One More Loop

Start the week letting your feet do their thing. Whether your scaling a mountain or commuting from the station; do it in @vivobarefoot shoes. 📷#regram @nelbouchalova #trail #runners #running #mountains #mothernature

If you follow me on social media, you know that I have recently gotten in to trail running. It’s a fun mixture of two things that I have enjoyed for many years: running and hiking. One of the side benefits of trail running has been a lot of thinking and reflecting. As has been my habit, I think and reflect and never get to the computer to blog about it. The following has been bouncing around in my head – probably literally and figuratively – for a couple of months.

On Valentine’s Day this year I ran my first trail race. I had only been trail running for about a month and a half at the time and really not qualified to race. It was a free event so I went for it. The Mt. Tom Challenge isn’t a race as much as it is, as the name implies, a challenge. A challenge, in trail and ultra running parlance, consists of a loop trail that you attempt to complete as many times as possible – or want – in a set amount of time. Mt. Tom is a little different than most challenges because it is crazy steep and is held on what is traditionally the snowiest weekend of the year. The 2.6 mile loop starts out with an insane 1100 feet of elevation in just over three quarters of a mile. That’s hard to hike for most people. You have two hours to do as many loops as you care or dare.

With that slope and at least a foot of snow on the ground, I set off up the mountain with a group of people that apparently had lost their sanity as well. Also, it was cold! I thought I was going to pass out before I got to the top of the slope. Think of climbing that slope – very little running going on at this point – while also sliding down every other footstep because of the heavy snow. It sucked bad. Normally the light at the end of this tunnel of pain is a flat or downhill portion. The next section of this run was about a 3/4 mile flat stretch. That should be a relief except that the foot of snow was a little crusted on top and it turned out to be easier to walk than to run for the rookie me. At this point I am at around 1.6 miles of the loop and still looking for the pay off. The payoff comes soon enough with a one mile drop back to the start. Whereas the rest of the course was single track, the downhill portion opened up onto an old jeep road. Think fresh powder on a ski slope and then think about running down it! It’s worrisome at first but then it is just downright, freefalling, crazy! The finish was the original part of the uphill climb. I finished one loop. I didn’t die. No one had to helivac me off the mountain. I was grateful.

Then the crazy thing happened. The mad-as-a-hatter, out-of-one’s mind thing that prompted this blog post. I DID IT AGAIN! I drank some water, ate a handful of gummi bears and headed up that beautiful, funereal mountain once again.

Why! I don’t know. There is something that happens between drudging up a mountain and flying down one that changes your mindset from ‘this sucks’ to ‘I got this.’

I’ve often said that the hardest thing about running multiple loops is running by your house or running by your car. Starting the second loop from your ‘safe place,’ the last bastion of comfort, takes more than a modicum of fortitude. Starting back up a mountain after a handful of gummi bears! Same but in the ‘you’ve-last-your-damn-mind’ kind of way.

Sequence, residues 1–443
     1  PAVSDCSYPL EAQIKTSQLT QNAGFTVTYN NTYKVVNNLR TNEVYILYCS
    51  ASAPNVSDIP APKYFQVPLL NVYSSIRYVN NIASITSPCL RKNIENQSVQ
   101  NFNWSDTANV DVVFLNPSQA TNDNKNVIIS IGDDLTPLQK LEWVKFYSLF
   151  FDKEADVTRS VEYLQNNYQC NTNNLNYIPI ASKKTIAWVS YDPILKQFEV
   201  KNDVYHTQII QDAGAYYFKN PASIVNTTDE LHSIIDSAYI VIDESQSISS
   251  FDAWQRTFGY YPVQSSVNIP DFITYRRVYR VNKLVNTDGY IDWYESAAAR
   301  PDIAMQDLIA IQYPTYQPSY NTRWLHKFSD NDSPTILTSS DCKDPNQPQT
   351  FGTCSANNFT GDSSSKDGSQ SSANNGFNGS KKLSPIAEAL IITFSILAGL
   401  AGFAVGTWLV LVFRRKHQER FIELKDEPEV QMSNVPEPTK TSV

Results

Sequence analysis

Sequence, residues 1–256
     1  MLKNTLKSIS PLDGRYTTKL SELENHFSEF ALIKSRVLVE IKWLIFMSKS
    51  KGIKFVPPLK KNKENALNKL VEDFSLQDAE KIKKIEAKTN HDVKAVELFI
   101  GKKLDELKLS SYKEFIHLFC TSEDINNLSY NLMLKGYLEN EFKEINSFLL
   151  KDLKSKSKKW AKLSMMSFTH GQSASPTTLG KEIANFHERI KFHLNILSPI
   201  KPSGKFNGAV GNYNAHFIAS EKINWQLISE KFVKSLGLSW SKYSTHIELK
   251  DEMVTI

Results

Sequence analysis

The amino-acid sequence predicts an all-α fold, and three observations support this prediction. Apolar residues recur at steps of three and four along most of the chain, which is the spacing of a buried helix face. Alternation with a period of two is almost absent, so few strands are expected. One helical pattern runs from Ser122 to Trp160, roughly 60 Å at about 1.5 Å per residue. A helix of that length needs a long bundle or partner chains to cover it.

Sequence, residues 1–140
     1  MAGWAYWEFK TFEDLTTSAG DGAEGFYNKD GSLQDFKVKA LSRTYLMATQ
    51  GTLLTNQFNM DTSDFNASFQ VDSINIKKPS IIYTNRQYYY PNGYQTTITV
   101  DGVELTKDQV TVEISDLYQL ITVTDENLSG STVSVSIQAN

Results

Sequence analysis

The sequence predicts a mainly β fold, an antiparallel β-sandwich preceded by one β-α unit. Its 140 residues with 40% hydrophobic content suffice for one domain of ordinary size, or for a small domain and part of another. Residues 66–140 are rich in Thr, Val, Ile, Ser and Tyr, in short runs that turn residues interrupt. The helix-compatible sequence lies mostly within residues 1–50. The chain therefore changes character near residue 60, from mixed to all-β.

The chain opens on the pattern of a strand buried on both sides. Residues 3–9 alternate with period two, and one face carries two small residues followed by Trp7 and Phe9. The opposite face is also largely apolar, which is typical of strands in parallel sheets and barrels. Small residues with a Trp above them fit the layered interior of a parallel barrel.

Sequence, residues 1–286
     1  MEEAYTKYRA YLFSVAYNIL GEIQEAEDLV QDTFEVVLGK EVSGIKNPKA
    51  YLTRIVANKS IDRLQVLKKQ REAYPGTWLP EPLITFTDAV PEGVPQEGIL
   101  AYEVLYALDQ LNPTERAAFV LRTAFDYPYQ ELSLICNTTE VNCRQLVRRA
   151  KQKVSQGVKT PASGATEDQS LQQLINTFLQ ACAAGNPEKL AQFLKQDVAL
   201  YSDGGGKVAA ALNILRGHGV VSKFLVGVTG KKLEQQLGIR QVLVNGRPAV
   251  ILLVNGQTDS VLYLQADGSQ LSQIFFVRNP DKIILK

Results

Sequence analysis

Because this is what I do and why I write this blog, I reflected on this behavior and whether it translated into other parts of my life. I know that I don’t always go for one more loop in all of the things I do. Sometimes it is easy to stop at your safe place. Many times I have stopped at my car and drove off rather than leaning into a challenge. There have been times that I accepted the challenge and pushed forward through whatever pain or mental anguish was ahead of me but probably more often than not I succumbed to a weak mindset.

I had a professor once who had a theory or a belief that when Sisyphus reached the top of the hill with that rock, for at least a brief moment, he felt joy. Until the rock rolls back down the slope and the monotony of his life is renewed. I would add to my professor’s theory that the trip down was renewing and refreshing as well. At least it is for me.

I think the answer to my question is that we need to mix the Sisyphean nature of our lives with things that bring us joy. I swear, when I run down a mountain, through trees and rocks and sometimes mud; when I bound through shin deep snow trying to touch the ground as few times as possible with my shoulder and hips rolled forward, I feel as alive as I did when I was ten years old. No cares! Truly the Joie de vivre! That joy is enough to carry me through one more loop.

Trail running then becomes a microcosm of our life. A way has been found to experience great pain and great joy in one loop. Obviously we can’t live a life in 45 or so minutes but we can begin to pause to enjoy the feeling of accomplishment when we are at our height, enjoy the refreshing, rejuvenating exhilaration of returning to the bottom of our climb and leaning into that feeling, that joy as we face the next climb.

Those climbs are everywhere. Those climbs happen every day.

Joy is everywhere. Find it. Lean into it. Climb again.

A Very Covid Christmas

As I age, I realize how important it is to stay positive and find joy in little things.

This. This is hard!

When I first realized that I needed to be tested on Saturday, I was in denial. Maybe it was a sinus infection. I’d be back to normal in a couple days. The good Doctor nixed that idea on Monday. He was pretty confident I had been infected.

On Tuesday I received a positive COVID result. Still I was upbeat. This isn’t going to ruin my holiday! I will find a way to stay upbeat and positive!